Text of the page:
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Dan Webster reviews " Glass Onion"

It’s not often that a movie sequel lives up to the original. “The Godfather II,” “Toy Story 2” and “Aliens” are evidence that it does sometimes happen. Most sequels, though, end up being quick-hit attempts to cash in on a proven, often surprising, box-office success — which as the late screenwriter William Goldman told us is never a sure thing in the film industry.

Long before writing and directing his 2019 comic murder mystery “Knives Out” — a film that critic David Erlich referred to as “a crackling, devious and hugely satisfying old-school whodunnit with a modern twist” — Rian Johnson had established himself as a filmmaking talent.

On the small-film scale he wrote and directed the 2005 indie drama “Brick,” starring Joseph Gordon-Levitt. Just a dozen years later Johnson had graduated to blockbuster status by directing and co-writing (with George Lucas) 2017’s “Star Wars: Episode VIII — The Last Jedi.”

So, it was no surprise that he was able to score the funding to make “Knives Out.” Not to mention attract a cast that included the likes of Toni Collette, Christopher Plummer, Chris “Captain America” Evans, LaKeith Stanfield and the soon to be ex-James Bond Daniel Craig.

Like Johnson, Craig had been around and was, in fact, known for far more than playing his own steely eyed version of the familiar British assassin with a license to kill. Even so, his performance in “Knives Out” was something different. Craig’s character, private detective Benoit Blanc, is a Deep South variation on Hercule Poirot, kind of like a cross between the mustachioed French detective and Tennessee Williams.

Craig returns as Blanc in “Glass Onion,” which carries the tagline “A Knives Out Mystery,” just so we don’t get confused, and he is the lone holdover from the original. This time he is joined by Edward Norton, who plays the multi-billionaire Miles Bron. Seems Bron has invited a group of friends to his private island in Greece for what is supposed to be a weekend of fun, food and a murder-mystery game.

The group, tagged collectively by Bron as “The Disruptors” for reasons that soon become clear, includes characters played by Kate Hudson, Dave Bautista, Kathryn Hahn and Leslie Odom Jr. Along with them, though, are a couple of hangers-on, a woman with whom Bron had once had a serious professional falling-out (played by Janelle Monáe),— and, of course, Blanc.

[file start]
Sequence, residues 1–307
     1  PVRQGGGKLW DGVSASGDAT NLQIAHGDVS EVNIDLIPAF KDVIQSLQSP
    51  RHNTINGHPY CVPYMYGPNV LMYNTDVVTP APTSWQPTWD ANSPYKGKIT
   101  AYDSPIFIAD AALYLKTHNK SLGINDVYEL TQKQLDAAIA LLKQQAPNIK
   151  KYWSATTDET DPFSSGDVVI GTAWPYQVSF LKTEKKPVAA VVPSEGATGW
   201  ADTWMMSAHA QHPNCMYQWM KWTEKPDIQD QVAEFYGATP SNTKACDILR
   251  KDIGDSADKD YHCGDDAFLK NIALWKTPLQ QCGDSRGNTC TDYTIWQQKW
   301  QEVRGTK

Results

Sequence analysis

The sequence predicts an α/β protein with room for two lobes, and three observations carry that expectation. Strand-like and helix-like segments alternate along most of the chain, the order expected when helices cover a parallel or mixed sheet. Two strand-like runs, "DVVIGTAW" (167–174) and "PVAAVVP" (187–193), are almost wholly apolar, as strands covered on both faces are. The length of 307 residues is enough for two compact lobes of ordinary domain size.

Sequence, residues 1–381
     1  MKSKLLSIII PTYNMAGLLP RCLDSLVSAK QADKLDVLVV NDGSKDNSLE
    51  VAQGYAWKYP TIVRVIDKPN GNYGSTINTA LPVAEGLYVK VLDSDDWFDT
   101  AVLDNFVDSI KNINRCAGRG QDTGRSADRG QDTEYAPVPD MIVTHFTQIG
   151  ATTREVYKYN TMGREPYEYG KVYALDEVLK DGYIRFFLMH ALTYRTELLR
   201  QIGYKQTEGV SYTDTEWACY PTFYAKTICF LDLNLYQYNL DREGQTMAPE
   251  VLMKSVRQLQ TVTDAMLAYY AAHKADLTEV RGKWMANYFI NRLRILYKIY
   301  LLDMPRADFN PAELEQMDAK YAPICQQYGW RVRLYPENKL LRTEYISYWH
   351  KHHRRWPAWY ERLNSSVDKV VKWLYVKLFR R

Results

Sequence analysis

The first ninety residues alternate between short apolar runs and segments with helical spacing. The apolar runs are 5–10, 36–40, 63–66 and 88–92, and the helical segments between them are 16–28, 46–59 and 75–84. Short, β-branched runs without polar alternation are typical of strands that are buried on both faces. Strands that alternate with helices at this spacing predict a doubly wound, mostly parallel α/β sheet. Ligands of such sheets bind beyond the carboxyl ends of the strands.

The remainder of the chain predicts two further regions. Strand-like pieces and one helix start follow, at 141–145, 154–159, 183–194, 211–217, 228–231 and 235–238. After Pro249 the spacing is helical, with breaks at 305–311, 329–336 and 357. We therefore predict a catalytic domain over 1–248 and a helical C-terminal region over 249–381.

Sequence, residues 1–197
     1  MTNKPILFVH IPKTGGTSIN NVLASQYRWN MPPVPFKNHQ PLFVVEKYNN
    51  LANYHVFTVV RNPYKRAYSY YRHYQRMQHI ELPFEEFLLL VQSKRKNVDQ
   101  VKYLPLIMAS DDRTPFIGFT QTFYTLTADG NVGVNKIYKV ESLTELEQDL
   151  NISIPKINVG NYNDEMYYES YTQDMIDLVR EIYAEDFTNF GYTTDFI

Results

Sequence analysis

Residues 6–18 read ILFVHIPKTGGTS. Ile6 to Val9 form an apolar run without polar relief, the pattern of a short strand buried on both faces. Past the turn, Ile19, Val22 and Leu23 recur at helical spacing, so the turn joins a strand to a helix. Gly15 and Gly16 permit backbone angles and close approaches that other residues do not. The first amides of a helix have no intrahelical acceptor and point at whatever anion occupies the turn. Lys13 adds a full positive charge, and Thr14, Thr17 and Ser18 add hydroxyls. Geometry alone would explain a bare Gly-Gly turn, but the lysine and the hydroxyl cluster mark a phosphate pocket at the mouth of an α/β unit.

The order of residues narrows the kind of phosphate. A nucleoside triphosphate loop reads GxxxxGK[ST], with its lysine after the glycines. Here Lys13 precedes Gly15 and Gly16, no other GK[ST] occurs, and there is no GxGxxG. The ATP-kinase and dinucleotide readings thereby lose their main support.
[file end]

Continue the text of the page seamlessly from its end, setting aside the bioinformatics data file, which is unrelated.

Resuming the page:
Which naturally proves timely because pretty soon there is a bona-fide suspicious death — or maybe two — for Blanc to investigate.

As with all such mysteries, old-school or no, “Glass Onion” — which takes its name from Bron’s onion-shaped glass mansion — fingers are pointed in every direction, and Blanc makes a number of logical deductions before everything is wrapped up. Johnson, though, cleverly throws in a flashback sequence halfway through that gives new meaning to everything that has gone on before, including introducing— or maybe reintroducing? — a new character.

All of this is imbued with a veneer of cultural criticism involving the profligacy and greed of the 1 percent, unscrupulous financial dealings, and the absurd lengths to which social-media influencing have gone. But don’t fret: As with his original “Knives Out,” Johnson isn’t interested in delivering an extended editorial screed.

Instead, he’s simply using contemporary references (can you say Elon Musk?) the same way he uses music to underscore what he puts on the screen. Throughout the film’s running time you’ll hear snatches of everything from Bach’s “Little Fugue in G Minor” to The Bee Gees “To Love Somebody” to Nat King Cole’s “Mona Lisa” to, of course, The Beatles tune “Glass Onion.”

And if Johnson at times goes a bit too far, just as Craig’s accent on occasion gets a bit too clownishly thick, it’s all in good fun. In any event, there’s already a third “Knives Out” film in pre-production.

As the saying goes, things tend to come in threes. In Hollywood, sometimes those things are even good.

For Spokane Public Radio, I’m Dan Webster.

“Movies 101” host Dan Webster writes about movies and more for